There were a bunch of big stories that came out of last month’s ‘Super Worlds’ in Glasgow. Storming rides from Mathieu van der Poel and Lotte Kopecky in the elite road races, for example, and likewise from Tom Pidcock and Pauline Ferrand-Prévot in the cross-country MTB.
But one rider who didn’t make as many headlines as he probably should have was then-16-year-old Albert Withen Philipsen. The young Dane won the U19 men’s road race solo by more than a minute, becoming the youngest-ever rider to take the junior world title. Less than a week later, he won the Worlds cross-country Olympic (XCO) MTB race as well, finishing almost a minute clear of his closest rival. Philipsen’s talent and potential were plain to see.
Just this week, the emerging multi-disciplinary talent has added another victory to his increasingly impressive palmares, taking out the U19 men’s time trial at the European Championships in the Netherlands. And again, no one got particularly close to beating him: on a course of less than 20 km, Philipsen was fastest by 47 seconds – almost 2 km/h faster than silver medalist Jørgen Nordhagen (Norway).
For context: while 47 seconds separated first and second, the same margin separated second and 20th. And for further context, Philipsen’s time would have been good enough for bronze in the U23 men’s ITT, which was held on the same course as the U19s. Philipsen only turned 17 at the start of September.
As it currently stands, Philipsen is the Danish U19 champion in four disciplines: cyclocross, cross-country MTB, road racing, and ITT. As noted, he’s the U19 world champion in the road race and cross-country MTB, and he’s now the European champion in cross-country MTB and ITT.
And Philipsen’s medal haul from the 2023 Euros likely isn’t over. He’s due to start the U19 men’s road race for Denmark on Saturday where, based on recent performances, he’s going to be pretty hard to beat.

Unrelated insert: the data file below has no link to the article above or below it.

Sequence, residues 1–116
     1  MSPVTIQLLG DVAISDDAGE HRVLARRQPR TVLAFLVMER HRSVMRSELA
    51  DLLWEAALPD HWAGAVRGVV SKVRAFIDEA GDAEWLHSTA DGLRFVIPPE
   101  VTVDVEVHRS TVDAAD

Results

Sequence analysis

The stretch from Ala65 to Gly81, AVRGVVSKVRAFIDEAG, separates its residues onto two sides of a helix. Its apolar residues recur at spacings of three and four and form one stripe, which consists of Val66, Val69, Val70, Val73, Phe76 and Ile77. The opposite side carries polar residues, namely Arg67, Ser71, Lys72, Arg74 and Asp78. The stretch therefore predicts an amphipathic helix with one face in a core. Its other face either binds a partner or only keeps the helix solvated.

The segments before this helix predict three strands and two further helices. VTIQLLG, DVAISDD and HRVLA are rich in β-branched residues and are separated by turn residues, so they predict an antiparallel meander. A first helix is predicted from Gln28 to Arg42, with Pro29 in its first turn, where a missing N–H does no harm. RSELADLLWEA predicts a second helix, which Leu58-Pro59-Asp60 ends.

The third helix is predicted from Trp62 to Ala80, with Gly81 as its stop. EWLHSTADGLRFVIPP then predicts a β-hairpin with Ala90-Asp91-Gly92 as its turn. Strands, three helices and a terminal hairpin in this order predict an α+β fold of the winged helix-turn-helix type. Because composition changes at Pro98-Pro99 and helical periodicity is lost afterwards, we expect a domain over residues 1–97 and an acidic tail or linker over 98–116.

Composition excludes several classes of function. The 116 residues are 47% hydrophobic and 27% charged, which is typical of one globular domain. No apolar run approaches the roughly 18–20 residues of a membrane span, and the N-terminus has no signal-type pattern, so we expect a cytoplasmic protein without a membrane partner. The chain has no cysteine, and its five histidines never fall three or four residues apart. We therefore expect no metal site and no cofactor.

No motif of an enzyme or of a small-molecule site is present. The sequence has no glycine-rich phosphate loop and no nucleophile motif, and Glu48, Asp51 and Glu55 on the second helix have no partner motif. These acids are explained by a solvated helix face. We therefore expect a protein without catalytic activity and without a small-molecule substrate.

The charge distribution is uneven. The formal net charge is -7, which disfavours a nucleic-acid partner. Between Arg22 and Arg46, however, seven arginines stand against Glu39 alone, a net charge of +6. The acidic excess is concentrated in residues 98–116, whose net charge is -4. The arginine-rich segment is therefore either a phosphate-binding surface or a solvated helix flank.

Philipsen started riding at age five, and it was the mountain bike that first captured his imagination. Twelve years later, having branched out into a range of disciplines, the 17-year-old knows what he wants from cycling. Here’s what he said to the media after winning the Worlds road race last month:
“It’s a very good step towards my dream of becoming a pro, both on the road and on the mountain bike. I try to be a versatile athlete, I like all different disciplines. It keeps it interesting for me.
“I hope to become a professional cyclist and enjoy what I do. I really look up to guys who do the same as me, so guys who combine different disciplines. Guys like Mathieu van der Poel, Wout van Aert and Tom Pidcock. Those are my idols.”
Philipsen currently rides MTB and cyclocross for the Canyon CLLCTV XCO team, and on the road he’s part of the Tscherning Cycling Academy, an “elite junior team” out of Copenhagen “with ambitions to create future cyclists through professional and focused talent work.”
Based on his performances over the past 12 months – and especially in Glasgow – it’s hard to imagine that a bunch of WorldTour teams haven’t expressed an interest in recruiting Philipsen. Related: Philipsen is now represented by A&J All Sports, a sports management agency that has looked after the likes of Tadej Pogačar, Vincenzo Nibali, Chris Froome, and Fabio Aru in recent years.
There’s been no news of Philipsen signing anywhere yet, which is probably not a bad thing – he’s only just turned 17. That said, it wouldn’t be a shock to soon learn that he’s signed a pre-contract with a big road team, maybe with a year or two in an associated development team before stepping up to the big leagues.
But while Philipsen might be young, he already has an idea of how he might specialise when it comes to road cycling. “I think that I am a classic rider,” he told Denmark’s TV2 before the Glasgow Super Worlds.
In that same interview, Philipsen spoke further about his desire to race multiple disciplines, sharing a very lofty goal in the process. “I kind of have a dream of one day becoming world champion in all the different disciplines.”
By “all the different disciplines” he presumably means road, XCO MTB, and cyclocross. None of his idols – Van der Poel, Van Aert, or Pidcock – have yet managed to win elite world titles in all three of those disciplines. Indeed the only rider to have done so is Pauline Ferrand-Prévot, a feat the Frenchwoman managed in the space of just one remarkable year (2014-15).
In all likelihood, it’ll be a few years yet before we see Albert Philipsen competing in the biggest races at the elite level, and several years after that before he’s got a realistic chance of winning. And that’s assuming he continues on the trajectory he’s currently on. Even for the most prodigious riders, there’s a vast chasm between world-beating junior rider and world-beating elite rider (it took Remco Evenepoel four years to go from junior world champion to elite world champion).
In the meantime though, if you’re someone who likes keeping an eye on the stars of tomorrow, and you aren’t already tracking Philipsen’s progress, now’s the time to start.
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